Boris Nemtsov, co-chairman of the liberal opposition party RPR-Parnas, echoed Ponomaryov, saying "repressions will increase in direct proportion to the decline of [Putin's] rating."
Even if Putin wanted to make liberal reforms, "his circle would not allow him to do so," since they care about their own profit, Ponomaryov said.
"Siloviki are not particularly intelligent people, they took the amnesty as a personal insult, thinking 'why are we putting them behind bars if they are just getting out ahead of time?'" Ponomaryov said, referring to law enforcement officials and Putin's past as head of the Federal Security Service.
"They are preparing to make up for this after the Olympics," he said.
Nemtsov said he expected a crackdown in "all the spheres that Putin deems dangerous for his rule — everything that his paranoid brain will suggest to him," including political, environmental and human rights activists.
Prominent historian and journalist Nikolai Svanidze said he was concerned about freedom of speech being repressed, something that could become a reality in the near future in light of the economic downturn and protests in neighboring Ukraine, he said.
"With worsening economic conditions, authorities want to rid the people of negative information," Svanidze said by phone.
Speaking about the role of protests in Ukraine, he described them as a "universal irritant," saying "the situation in Ukraine shows that giving people freedom turns into Maidan."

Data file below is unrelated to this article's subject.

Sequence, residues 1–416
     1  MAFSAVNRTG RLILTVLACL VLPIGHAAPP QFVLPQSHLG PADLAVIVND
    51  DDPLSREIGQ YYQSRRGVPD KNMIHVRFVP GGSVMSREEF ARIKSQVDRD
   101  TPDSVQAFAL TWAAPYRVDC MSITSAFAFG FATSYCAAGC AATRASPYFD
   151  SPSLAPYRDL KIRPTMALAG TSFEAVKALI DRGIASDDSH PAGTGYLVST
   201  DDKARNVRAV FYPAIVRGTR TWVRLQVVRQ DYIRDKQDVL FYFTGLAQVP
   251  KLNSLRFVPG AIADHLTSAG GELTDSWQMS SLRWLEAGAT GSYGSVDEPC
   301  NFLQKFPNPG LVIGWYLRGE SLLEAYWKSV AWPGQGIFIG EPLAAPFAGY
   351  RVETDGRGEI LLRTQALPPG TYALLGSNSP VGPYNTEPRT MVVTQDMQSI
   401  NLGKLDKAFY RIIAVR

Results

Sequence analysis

Maidan is the name of the square in the Ukrainian capital of Kiev where the protests first unfolded, the epicenter of the protest movement there.
Hints of Impending Repression
One sign of the growing power of law enforcement agencies is the notion of "objective truth" introduced in legislative amendments submitted to the State Duma in February, Ponomaryov said. A clause establishing the notion of "objective truth" would allow courts to convict defendants in criminal cases even when there are doubts about their guilt.
"This is a major theoretical groundwork for launching repressions on a full scale," Ponomaryov said about the "objective truth" bill.
The bill was drafted by a pro-Kremlin lawmaker at the request of Russia's chief investigator, Alexander Bastrykin.
Critics also cited ongoing cases as strong indications of more repression to come. Among the cases mentioned were the trials against eight suspected participants in alleged riots on Moscow's Bolotnaya Ploschad in May 2012, Krasnodar region ecologist Yevgeny Vitishko and former opposition-minded Yaroslavl Mayor Yevgeny Urlashov.
Nemtsov also cited a police raid in early February on the apartment of economist Alexander Sokolov, who had been researching corruption linked to preparations for the Sochi Olympics. Police said the search was part of a probe over extremism charges against an unidentified person, and that Sokolov was a witness.